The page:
[0071] As previously described, the present invention advantageously allows a copper oxide removal process, such as the sputter etching process described with reference to FIG. 4 to be monitored and characterized.

[0072] The foregoing description discloses only the preferred embodiments of the invention, modifications of the above disclosed apparatus and method which fall within the scope of the invention will be readily apparent to those of ordinary skill in the art. For instance, although the copper removal processes specifically described are vacuum processes, the present invention may also be employed to provide in situ measurements during non vacuum processes such as during chemical mechanical polishing (CMP). Conventional CMP tools press a substrate against a polishing pad, while moving (rotary or linearly) the substrate and or the polishing pad. An abrasive slurry or other liquid is supplied to the polishing pad to aid in the removal of material from the substrate. A window is provided in the polishing pad, through which the light source of the present invention may illuminate the substrate S in order to obtain the inventive reflectivity measurements.

[0073] The specific reflectivity and sheet resistance measurements described herein are merely preferred. Other measurements which measure a bulk property of copper through a copper oxide layer may be similarly employed. The specific measurement tools may vary from that described herein. Finally, the invention may be employed to measure the thickness of an oxide formed on any reflective metal, or the thickness of any layer which attenuates a characteristic of a layer which lies thereunder provided the attenuation of the characteristic varies with the thickness of the overlying layer. Analogously, resistance measurements can be used to monitor changes in the thickness of a poorly-conducting layer that overlays a metal layer during the process of transforming the poorly-conducting layer into the metal (similar to the reduction of copper oxide to copper).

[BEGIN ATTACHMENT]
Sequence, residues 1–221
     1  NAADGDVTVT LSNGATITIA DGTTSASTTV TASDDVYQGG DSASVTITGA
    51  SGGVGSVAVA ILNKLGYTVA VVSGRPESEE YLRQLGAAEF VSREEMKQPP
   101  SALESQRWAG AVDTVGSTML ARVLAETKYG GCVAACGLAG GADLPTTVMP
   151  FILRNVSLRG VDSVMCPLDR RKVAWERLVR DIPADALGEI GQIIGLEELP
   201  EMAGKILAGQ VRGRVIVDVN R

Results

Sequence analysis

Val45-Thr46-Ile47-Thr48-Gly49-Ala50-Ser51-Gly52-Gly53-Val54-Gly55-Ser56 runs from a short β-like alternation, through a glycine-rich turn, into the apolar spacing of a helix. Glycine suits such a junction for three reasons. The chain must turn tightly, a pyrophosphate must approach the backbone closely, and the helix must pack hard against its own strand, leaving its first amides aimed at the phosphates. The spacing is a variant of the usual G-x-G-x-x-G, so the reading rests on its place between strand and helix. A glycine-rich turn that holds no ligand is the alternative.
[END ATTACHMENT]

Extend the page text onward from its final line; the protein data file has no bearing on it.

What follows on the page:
[0074] Accordingly, while the present invention has been disclosed in connection with the preferred embodiments thereof, it should be understood that other embodiments may fall within the spirit and scope of the invention, as defined by the following claims.

Referenced by
Citing PatentFiling datePublication dateApplicantTitle
US6934032 *Sep 30, 2002Aug 23, 2005Advanced Micro Devices, Inc.Copper oxide monitoring by scatterometry/ellipsometry during nitride or BLOK removal in damascene process
US7299151Feb 4, 2004Nov 20, 2007Hewlett-Packard Development Company, L.P.Microdevice processing systems and methods
US7388667 *Sep 30, 2005Jun 17, 2008Infineon Technologies AgOptical determination of resistivity of phase change materials
US7414738Jul 1, 2004Aug 19, 2008Applied Materials Gmbh & Co. Kg.Measuring device for measuring the degree of transmission of a coating
US8048326 *Oct 31, 2003Nov 1, 2011Tokyo Electron LimitedMethod and apparatus for determining an etch property using an endpoint signal
US20120276817 *Apr 27, 2011Nov 1, 2012Iravani Hassan GEddy current monitoring of metal residue or metal pillars
EP1602919A1 *Jun 1, 2004Dec 7, 2005Applied Films GmbH & Co. KGMeasuring device for the survey of the transmittance of a coating
Classifications
U.S. Classification356/630, 257/E21.53
International ClassificationG01B11/06, H01L21/66, G01B7/06, G01N21/27
Cooperative ClassificationG01B11/0625, G01B7/06, H01L22/12
European ClassificationG01B7/06, G01B11/06C2